The Forest of Dean Sculpture Trust and The Forestry Commission have worked in partnership for the last 30 years to create this vital Sculpture Trail that enjoys visitors of over 300,000 people per year. We rely on donations and fundraising to commission new works for the trail.
The Forest of Dean Sculpture Trail was established in 1986, thanks in large part to the shared vision of Martin Orrom, then Forestry and Environment Officer for the Forestry Commission, Jeremy Rees, the founding director of the Arnolfini gallery in Bristol and Rupert Martin, Curator at the Arnolfini. The original commissions, collectively titled Stand and Stare, came out of the land art movement, in which landscape and the works of art were seen as inextricably connected. Amongst the first group of artists to install works on the trail were David Nash, Magdalena Jetelova, Ian Hamilton Finlay and Cornelia Parker. The sculptures were intended to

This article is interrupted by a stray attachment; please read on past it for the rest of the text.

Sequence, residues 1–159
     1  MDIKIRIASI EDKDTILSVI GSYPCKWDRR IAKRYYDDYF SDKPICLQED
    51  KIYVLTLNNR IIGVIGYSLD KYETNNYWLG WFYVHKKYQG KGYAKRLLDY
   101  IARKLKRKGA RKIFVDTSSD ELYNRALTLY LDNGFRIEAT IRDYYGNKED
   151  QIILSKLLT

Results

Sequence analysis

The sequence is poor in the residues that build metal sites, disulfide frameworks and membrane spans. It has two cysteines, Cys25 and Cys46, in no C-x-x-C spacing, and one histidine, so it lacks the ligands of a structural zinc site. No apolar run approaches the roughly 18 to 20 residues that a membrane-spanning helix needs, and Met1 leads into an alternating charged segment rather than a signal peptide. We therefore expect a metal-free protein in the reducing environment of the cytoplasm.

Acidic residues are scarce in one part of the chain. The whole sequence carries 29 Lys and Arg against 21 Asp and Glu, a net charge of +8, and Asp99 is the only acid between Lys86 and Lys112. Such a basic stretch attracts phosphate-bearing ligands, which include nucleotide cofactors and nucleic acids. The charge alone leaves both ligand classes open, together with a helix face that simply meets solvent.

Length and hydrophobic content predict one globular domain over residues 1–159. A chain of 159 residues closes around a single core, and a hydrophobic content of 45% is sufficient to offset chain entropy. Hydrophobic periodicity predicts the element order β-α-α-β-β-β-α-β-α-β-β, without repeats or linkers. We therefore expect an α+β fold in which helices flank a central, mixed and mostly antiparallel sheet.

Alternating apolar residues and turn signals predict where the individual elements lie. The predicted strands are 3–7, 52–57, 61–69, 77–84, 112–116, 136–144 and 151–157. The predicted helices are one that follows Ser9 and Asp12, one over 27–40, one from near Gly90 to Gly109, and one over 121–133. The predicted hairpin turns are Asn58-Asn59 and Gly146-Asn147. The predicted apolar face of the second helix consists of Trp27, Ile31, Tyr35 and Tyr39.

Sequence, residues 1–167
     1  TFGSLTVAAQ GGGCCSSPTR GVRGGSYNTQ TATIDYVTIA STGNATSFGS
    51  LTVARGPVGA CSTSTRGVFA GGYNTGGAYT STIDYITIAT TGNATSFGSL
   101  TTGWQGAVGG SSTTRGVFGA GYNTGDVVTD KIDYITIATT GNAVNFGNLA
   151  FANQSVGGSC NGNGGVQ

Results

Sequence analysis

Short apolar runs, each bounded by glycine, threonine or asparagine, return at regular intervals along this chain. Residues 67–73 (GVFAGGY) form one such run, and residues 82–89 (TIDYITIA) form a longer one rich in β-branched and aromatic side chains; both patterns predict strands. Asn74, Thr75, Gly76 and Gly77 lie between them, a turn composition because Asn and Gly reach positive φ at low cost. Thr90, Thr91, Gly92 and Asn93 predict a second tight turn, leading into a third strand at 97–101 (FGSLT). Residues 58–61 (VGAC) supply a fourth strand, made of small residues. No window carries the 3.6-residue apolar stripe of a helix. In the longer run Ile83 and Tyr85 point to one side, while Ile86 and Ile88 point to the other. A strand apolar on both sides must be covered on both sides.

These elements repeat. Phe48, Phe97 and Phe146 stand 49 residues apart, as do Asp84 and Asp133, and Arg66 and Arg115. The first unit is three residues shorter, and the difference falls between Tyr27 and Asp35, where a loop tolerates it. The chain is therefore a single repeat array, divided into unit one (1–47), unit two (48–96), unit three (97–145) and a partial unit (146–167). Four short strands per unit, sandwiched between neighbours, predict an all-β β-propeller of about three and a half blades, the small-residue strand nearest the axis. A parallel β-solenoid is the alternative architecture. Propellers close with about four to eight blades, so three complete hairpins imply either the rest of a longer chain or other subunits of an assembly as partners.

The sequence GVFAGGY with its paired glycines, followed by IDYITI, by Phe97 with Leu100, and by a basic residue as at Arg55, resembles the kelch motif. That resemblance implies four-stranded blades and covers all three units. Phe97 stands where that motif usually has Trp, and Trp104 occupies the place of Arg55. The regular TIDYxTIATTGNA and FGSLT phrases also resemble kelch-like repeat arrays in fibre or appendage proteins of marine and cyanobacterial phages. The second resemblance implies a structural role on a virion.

‘…arrest our attention, cause us to pause and contemplate both the isolated object and its surroundings. They were to act as catalysts for our imaginations, releasing new ideas in us about our relationship to nature and the environment, and prompting a sense of awe and wonder.’ (Martin, 1990, p.16)
The brief given to the artists was very clear – that the works should respond intellectually, historically, physically and conceptually to the particularity of place. In other words, that all of the works would be specific to the Forest of Dean, rather than reflecting generally on environmental issues or on a generic notion of a forest. The artworks you see on the trail were not simply placed here, but developed and inspired by the place – from its history and its material qualities.